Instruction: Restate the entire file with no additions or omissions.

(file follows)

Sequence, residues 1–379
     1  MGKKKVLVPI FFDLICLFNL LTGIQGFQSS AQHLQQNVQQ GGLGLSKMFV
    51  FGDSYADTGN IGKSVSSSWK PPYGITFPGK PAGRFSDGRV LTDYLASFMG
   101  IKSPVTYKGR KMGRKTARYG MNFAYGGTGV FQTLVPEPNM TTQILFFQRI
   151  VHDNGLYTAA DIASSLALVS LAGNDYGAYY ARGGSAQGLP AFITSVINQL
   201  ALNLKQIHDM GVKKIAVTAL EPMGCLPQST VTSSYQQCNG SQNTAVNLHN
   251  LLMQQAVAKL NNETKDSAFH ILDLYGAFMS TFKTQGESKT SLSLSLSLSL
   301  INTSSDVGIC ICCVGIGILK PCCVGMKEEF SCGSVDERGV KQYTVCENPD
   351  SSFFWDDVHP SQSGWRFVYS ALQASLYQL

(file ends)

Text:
Sequence, residues 1–379
     1  MGKKKVLVPI FFDLICLFNL LTGIQGFQSS AQHLQQNVQQ GGLGLSKMFV
    51  FGDSYADTGN IGKSVSSSWK PPYGITFPGK PAGRFSDGRV LTDYLASFMG
   101  IKSPVTYKGR KMGRKTARYG MNFAYGGTGV FQTLVPEPNM TTQILFFQRI
   151  VHDNGLYTAA DIASSLALVS LAGNDYGAYY ARGGSAQGLP AFITSVINQL
   201  ALNLKQIHDM GVKKIAVTAL EPMGCLPQST VTSSYQQCNG SQNTAVNLHN
   251  LLMQQAVAKL NNETKDSAFH ILDLYGAFMS TFKTQGESKT SLSLSLSLSL
   301  INTSSDVGIC ICCVGIGILK PCCVGMKEEF SCGSVDERGV KQYTVCENPD
   351  SSFFWDDVHP SQSGWRFVYS ALQASLYQL